From the Inter Press Service, writer Reem Abbas has this account of people feeling the economic pinch.
At the time, one Sudanese pound was equal to 2.30 dollars and life was considerably cheaper. The Sudanese economy was booming due to high oil prices and increasing foreign investment.
In the years following the signing of the Comprehensive Peace Agreement in 2005, new jobs were created, cafes were bustling with customers and young professionals were able to buy cars in instalments and travel to Cairo or Dubai or Kuala Lumpur for holidays.
"No one is traveling now, people are trying to save their money for worse days. Tickets were much cheaper a few months ago, but now the prices are up 25 percent," said Maha Ali*, an employee at a travel agency in downtown Khartoum.
Ali used to make a lot of money from commissions when she brought customers to the agency. Now it is a struggle to convince people to travel, especially when some airlines only accept dollars and reject the constantly fluctuating Sudanese pound.
The economy changed in November 2010. The North Sudan government claimed that Sudan lacked foreign currency and the Sudanese minister of finance and national economy, Mahmoud Hassanein, was quoted saying that the country’s people consumed more than the country produced and this caused the rise in prices.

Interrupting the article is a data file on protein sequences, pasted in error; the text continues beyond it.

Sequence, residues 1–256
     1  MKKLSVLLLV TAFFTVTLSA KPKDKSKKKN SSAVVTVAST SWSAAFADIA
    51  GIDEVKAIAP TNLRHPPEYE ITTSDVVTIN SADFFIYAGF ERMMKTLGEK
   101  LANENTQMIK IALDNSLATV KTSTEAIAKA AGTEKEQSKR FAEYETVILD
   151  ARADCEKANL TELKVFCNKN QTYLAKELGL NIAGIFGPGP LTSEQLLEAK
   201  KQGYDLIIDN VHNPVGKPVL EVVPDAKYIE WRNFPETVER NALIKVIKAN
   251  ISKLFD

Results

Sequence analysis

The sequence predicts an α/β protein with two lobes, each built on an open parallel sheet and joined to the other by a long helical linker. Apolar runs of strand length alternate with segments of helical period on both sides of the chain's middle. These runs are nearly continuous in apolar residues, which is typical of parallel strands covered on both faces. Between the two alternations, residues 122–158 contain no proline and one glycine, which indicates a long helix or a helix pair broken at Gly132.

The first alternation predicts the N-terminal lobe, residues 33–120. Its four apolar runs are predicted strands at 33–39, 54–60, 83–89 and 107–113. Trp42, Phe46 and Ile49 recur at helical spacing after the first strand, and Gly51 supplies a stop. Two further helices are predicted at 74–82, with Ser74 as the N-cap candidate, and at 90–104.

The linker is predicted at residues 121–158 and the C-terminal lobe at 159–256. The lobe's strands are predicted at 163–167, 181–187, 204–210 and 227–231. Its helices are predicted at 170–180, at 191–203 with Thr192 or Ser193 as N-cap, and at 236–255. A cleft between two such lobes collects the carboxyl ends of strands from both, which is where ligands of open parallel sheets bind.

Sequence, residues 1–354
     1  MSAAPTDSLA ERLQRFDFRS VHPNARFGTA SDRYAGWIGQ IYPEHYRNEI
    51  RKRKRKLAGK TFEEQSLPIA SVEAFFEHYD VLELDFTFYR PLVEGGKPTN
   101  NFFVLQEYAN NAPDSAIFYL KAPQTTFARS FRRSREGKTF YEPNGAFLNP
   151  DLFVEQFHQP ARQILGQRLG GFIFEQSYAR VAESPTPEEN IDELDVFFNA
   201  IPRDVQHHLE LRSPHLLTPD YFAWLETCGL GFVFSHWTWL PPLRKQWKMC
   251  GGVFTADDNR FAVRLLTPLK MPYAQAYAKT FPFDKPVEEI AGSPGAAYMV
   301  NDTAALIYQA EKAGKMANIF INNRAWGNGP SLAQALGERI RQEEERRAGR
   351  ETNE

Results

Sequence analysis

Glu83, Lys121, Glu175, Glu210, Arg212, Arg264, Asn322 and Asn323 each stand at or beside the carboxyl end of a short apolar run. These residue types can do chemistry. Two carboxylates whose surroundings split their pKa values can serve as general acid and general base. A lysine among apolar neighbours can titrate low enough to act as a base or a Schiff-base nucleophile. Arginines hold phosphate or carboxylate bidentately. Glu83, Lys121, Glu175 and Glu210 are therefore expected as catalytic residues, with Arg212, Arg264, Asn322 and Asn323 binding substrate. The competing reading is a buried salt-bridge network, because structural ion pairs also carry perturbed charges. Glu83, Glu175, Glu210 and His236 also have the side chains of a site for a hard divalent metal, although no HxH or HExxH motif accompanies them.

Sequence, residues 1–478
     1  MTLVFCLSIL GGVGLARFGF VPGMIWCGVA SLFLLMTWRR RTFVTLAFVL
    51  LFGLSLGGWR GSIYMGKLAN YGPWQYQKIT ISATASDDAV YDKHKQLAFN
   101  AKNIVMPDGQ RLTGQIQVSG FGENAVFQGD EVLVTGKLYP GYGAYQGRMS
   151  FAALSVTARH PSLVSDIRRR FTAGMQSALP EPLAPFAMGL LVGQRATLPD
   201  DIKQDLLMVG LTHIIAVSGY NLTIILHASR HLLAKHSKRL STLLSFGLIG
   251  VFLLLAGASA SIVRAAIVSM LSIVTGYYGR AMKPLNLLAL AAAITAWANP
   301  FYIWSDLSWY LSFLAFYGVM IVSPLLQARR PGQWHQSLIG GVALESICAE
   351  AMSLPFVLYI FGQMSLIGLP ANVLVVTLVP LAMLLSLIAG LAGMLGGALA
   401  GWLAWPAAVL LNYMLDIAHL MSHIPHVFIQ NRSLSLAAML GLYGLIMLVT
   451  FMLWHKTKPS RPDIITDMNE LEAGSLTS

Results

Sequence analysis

In early January 2011, southern Sudanese voted in a referendum in favour of secession from the north and this set in motion the beginnings of an economic crisis in Sudan. Currently North and South Sudan equally share the profits of the oil found in the south. But this will change when South Sudan becomes independent.
But North Sudan began to feel the impact of the secession even before the referendum. Prices skyrocketed as a result of inflation and salaries remained the same or even decreased.